The History of Community Supported Agriculture, Part II


By Steven McFadden
Originally posted in February 2004

EDITOR’S NOTE: In Part I of this series we tracked the roots of the U.S. CSA movement to two subscription-based farms in the Northeast. Now we’ll see where this promising movement rooted in trust and understanding between farmers and eaters might be headed. 

In 1990, when I coauthored “Farms of Tomorrow” with Trauger Groh, there were about 60 CSAs in the United States. The years from 1986 to 1990, I feel, mark the first wave of CSA (Community Supported Agriculture) development.

Eight years later, when I returned to the subject with Trauger to write “Farms of Tomorrow Revisited,” we found there had been steady growth in the CSA movement, albeit growth in many different directions.

CSA had diversified into a range of social and legal forms, with philosophically oriented CSAs at one end and commercially oriented subscription farms at the other. Books were written, organizations such as the Biodynamic Farming and Gardening Assoc. and Robyn Van En’s CSA North America took an active interest, and the movement enjoyed a steady stream of favorable publicity. The CSA archetypes and infrastructure had been established. By the late 1990s, at least 1,000 CSAs had taken root in the United States, and growth continued quietly.

This slow, steady increase through the 1990s up through 2003 constitutes a second wave of CSA development.

While CSAs overall numbers have climbed over the years, there has been a significant attrition rate and many CSAs have failed. Common causes of failure include: The farmers did not ask enough for their effort, they did not have the skill to grow adequately, or they were farming on unsecured land. Some CSAs have also failed because the members of the community could not get along.

For the past five or six years, estimates of CSA numbers have remained in a range from 1,000 to 1,200. But most educated observers say that number is low. Many CSAs operate privately and quietly, while most regions of the country report many new CSA farms. Thus, it follows that a more up-to-date and accurate estimate would be around 1,500 to 1,700 CSA farms across the country, ranging in size from large gardens with a few households to hundreds of acres with more than 1,000 subscribers.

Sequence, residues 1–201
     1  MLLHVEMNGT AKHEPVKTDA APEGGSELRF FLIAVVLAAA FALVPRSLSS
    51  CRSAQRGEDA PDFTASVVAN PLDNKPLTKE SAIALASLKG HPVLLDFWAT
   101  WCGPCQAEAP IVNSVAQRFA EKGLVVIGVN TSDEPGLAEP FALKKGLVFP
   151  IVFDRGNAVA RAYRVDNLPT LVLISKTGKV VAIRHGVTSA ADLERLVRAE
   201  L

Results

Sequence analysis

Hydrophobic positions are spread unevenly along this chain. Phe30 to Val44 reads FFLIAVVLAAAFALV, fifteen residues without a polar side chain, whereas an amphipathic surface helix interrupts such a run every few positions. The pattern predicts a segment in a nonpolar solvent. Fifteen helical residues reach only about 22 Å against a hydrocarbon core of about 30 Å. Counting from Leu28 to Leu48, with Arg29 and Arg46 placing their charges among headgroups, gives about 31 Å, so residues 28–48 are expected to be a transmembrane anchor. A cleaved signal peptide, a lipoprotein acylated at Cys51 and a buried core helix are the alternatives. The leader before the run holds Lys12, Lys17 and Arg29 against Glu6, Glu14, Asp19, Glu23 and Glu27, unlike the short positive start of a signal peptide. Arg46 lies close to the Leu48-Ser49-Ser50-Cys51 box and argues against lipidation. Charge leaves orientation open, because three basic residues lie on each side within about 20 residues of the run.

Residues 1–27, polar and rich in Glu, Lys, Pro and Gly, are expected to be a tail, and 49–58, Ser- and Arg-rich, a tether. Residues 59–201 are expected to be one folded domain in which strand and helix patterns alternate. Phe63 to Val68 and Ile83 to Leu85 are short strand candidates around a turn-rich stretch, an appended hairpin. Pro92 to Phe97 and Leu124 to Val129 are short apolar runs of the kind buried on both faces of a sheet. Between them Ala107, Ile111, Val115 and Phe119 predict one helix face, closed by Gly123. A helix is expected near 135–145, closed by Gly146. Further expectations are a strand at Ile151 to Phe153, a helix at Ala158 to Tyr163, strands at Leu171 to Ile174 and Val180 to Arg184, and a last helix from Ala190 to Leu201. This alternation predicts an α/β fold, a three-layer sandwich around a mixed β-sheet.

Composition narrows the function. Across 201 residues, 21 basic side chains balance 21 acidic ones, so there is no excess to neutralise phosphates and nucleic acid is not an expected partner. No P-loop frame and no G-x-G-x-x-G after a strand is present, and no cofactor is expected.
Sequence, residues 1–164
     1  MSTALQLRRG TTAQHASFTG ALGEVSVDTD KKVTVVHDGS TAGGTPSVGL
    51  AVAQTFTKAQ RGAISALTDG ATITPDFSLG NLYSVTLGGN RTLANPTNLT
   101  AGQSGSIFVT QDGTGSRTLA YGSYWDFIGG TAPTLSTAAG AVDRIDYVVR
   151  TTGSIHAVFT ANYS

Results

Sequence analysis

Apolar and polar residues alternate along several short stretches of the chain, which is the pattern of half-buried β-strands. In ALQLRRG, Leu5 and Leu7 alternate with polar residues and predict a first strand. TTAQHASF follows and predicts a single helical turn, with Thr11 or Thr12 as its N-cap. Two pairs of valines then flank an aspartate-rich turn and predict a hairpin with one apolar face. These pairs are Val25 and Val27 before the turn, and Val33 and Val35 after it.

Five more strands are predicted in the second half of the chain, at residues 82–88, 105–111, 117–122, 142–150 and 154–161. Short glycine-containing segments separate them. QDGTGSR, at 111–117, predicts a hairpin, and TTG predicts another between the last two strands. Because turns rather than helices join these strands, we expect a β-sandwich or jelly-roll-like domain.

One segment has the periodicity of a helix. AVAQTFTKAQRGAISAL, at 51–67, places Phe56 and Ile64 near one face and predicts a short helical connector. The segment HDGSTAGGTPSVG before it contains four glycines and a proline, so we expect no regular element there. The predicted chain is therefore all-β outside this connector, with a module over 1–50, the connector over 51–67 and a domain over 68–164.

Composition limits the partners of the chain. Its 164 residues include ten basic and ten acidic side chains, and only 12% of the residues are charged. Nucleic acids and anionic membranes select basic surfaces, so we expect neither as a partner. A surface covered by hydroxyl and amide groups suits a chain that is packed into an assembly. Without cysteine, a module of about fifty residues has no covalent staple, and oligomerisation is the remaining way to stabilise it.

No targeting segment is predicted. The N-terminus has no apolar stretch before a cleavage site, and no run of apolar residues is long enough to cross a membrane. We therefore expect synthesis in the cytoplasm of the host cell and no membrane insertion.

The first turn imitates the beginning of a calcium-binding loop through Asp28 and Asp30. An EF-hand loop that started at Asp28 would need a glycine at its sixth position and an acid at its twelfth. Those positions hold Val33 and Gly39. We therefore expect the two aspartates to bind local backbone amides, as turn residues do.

Now in 2004, after talking with CSA observers around the country, I see strong potential for a third wave of CSA development, a wave that could not only triple or quadruple the number of CSAs over the next few years, but also raise in importance the role these farms play in their communities.

Motivating forces
Allan Balliett has followed the CSA movement since its beginnings and is himself a biodynamic farmer at Fresh and Local CSA in Shepherdstown, W.V. From the outset, he said, he has heard consumers voice concerns over food safety and quality as primary reasons for joining a CSA.

When families share in the planting and harvest, everyone ends up appreciating where their food comes from (and it tastes better, too).

Susan Witt of the Schumacher Society said another motivating factor behind the growth of CSA has been awareness about the problems of the global economy. “By now the dominance of the mega-corporations has become so obvious that many people recognize the danger, and the need to create something safe, local, and sustainable. CSA does that. It isn’t easy, but it works.”

Meanwhile, food safety and security issues appear to be growing in scale and scope. The arrival of mad cow disease to this country is heightening concerns. When coupled with awareness of global climate changes and the onslaught of dubious fertilizers, pesticides, and genetic engineering into the food chain, many people are beginning to regard CSA as homeland security of the most fundamental kind. These linked concerns bid strong to propel another surge of CSA growth.Whether safety concerns act as a motivating engine or not, the basic common sense of CSA will continue to earn community farms a welcome place in a growing number of U.S. (and global) cities, suburbs, and towns.Jim Sluyter, co-editor of The Community Farm newsletter, is enthusiastic about the future. “The Time magazine article that was published in October 2003 (1) is having a huge impact on CSA,” he said. “The fact that a large-circulation newsmagazine found CSA worthy of a story is a milestone; a new threshold. It puts CSA in the big time.